As told by her mother Christina.
My daughter, Leia Kate, was born 27 weeks 5 days premature on 1 Aug 2010. Nothing during the first 6 months of my pregnancy pointed to a premature birth. Everything was good, I felt good and thought this would just be another textbook case, just like her older brother.
Although she was well when born, she caught an infection in her lungs in NICU, which then developed into Bronchopulmonary Dysplasia (BPD) and later we found out she also had quite a severe case of Gastroesophageal Reflux Disease (GERD) and ROP. Leia was on O2 24/7 and had a Naso-Jejunal Tube (NJT) from her nose to the small bowel (jejunum) to facilitate the continuous feed. She was in and out of the hospital throughout her life. We prayed hard for her to be back home for Christmas that year, which she did. But she passed away suddenly the next day, 26 Dec 2010. She was about four months old.
December is usually hard for my husband and I, but we try to make it through the month and especially Christmas. While we are sad knowing that’s when Leia left us, we still want her two brothers to remember her in a happy sort of way and help make good memories for our boys.
What I wanted to share is what I wrote on the blog page. It was written on her birthday two years ago, back on 1 Aug 2013. I’ve given up trying to be guarded against triggers, since just about anything can hit me in the face. It’s really pointless to try to be proactive and think of all the possible things that will remind me of Leia and try to will myself to either face them or run away from them. I tried, and it’s not possible.
Originally posted on August 1, 2013
So this week has been harder than I thought.
Don’t get me wrong, I hold you so close to my heart and you are always on my mind. A song, a scene from a movie or a TV show, a picture, a quote, a news article can make me think of you and cause me to feel sad for awhile.
But twice a year, I just find it harder to breathe. I become more guarded, I act as if I don’t let it eat into me, but it gnaws on that same spot that hasn’t quite heal from the last time. I smiled and look for something to laugh at, someone to laugh with (your brothers and your dad are great at that). I distract myself with work, things like checking out Amazon for good buys, but it’s just temporary.
Is it just me or time just kinda slows down when we get to August and December.
Last Thursday, I had lunch at Wang Cafe after taking your older brother to school. My usual fare, Mee Siam (a local food with Malay influence) and Iced Lemon Tea.
Along came a mother pushing a stroller with a baby, about your younger brother’s age, and a little girl standing on the Lascal Buggy Board. The eldest child, a boy maybe about eight years old, took up the rear. The mother found a table right in front of me, gave instructions to the older brother and the little girl to sit there while she went to place her order, taking the youngest with her.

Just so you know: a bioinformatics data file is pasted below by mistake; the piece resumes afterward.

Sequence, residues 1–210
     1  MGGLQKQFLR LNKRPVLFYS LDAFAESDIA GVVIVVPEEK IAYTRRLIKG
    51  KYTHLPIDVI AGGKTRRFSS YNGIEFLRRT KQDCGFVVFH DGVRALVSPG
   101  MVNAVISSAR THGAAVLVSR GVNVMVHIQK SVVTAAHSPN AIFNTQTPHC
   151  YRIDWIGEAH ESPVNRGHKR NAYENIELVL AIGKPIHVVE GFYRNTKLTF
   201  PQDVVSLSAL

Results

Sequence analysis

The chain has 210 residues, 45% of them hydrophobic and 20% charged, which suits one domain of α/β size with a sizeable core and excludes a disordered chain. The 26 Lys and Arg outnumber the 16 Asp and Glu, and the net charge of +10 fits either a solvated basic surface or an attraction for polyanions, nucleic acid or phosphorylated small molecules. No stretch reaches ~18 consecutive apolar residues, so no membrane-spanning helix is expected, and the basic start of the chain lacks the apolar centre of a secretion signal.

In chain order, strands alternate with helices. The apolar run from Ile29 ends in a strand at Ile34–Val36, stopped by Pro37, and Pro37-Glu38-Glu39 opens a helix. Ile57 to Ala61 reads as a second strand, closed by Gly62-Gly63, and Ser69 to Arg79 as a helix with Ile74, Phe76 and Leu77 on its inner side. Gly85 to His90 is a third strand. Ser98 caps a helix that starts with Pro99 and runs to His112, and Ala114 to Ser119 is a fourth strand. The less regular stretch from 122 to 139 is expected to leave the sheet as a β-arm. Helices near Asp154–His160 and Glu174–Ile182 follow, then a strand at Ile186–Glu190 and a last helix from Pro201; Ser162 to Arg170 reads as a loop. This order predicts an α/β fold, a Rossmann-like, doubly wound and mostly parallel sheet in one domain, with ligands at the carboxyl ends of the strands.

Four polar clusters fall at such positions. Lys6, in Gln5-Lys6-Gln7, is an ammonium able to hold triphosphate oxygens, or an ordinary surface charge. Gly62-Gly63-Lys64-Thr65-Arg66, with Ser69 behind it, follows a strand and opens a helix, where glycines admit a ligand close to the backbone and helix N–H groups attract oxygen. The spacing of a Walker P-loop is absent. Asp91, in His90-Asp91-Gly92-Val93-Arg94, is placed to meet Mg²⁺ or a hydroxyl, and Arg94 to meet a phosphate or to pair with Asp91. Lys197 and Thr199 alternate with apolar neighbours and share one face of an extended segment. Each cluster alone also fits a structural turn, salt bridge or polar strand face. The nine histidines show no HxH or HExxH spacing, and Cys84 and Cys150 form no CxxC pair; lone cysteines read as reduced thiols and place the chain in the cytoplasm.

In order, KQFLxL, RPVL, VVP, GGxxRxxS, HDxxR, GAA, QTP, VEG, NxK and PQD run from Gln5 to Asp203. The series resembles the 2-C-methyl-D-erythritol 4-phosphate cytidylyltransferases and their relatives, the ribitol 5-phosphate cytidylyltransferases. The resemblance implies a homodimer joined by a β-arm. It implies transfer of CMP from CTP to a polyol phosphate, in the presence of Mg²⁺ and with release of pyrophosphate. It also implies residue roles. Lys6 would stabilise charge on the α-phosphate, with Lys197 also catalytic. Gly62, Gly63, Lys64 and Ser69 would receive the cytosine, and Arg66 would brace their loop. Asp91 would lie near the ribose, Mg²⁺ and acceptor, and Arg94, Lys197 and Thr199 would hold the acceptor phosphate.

The little girl, the middle child, decided to take out the Crayola markers from the pouch and some Disney Princess colouring sheets. Her older brother, quite mischievous actually, decided to disturb her by dropping his coin into the back of her dress.
She had the prettiest light grey dress and shiny silver ballerina flats. Her hair was tied up into a short ponytail and she got more and more irritated with her older brother. Although she tried to show her displeasure by giving him the look and pushing his hand away, she didn’t throw any tantrum and decided that the best way for him to stop whatever he was doing was to ignore him and she continued to colour her Belle.
I nearly died there. It was really hard to keep the emotions at bay. My jaws were clenched and my eyes started to sting.
The mother came back and their food came shortly. She cut up the noodles into smaller bits and put aside some chicken macaroni soup for the two older children. The youngest, the baby, started to fuss a little in the stroller but stopped when he found a toy to chew on.
The little girl was too short to eat her macaroni seated on the stool, so she had to kneel on it and ate her lunch on her own.
I left before they finished.
That little girl was you, Leia.
That would have been all of us, you, me, both your brothers.
And it sucks that it isn’t.
On Monday, I saw them again at Wang Cafe. What a coincidence, except the mother had taken the two older children with her.
Once again, the little girl had to kneel on the stool to eat her chicken macaroni soup.
She had another pair of ballerina flats, a light blue one. The prettiest blue I have ever seen. The blue that I would have gotten you this year.
Happy 3rd Birthday, Leia.
We miss you here, always.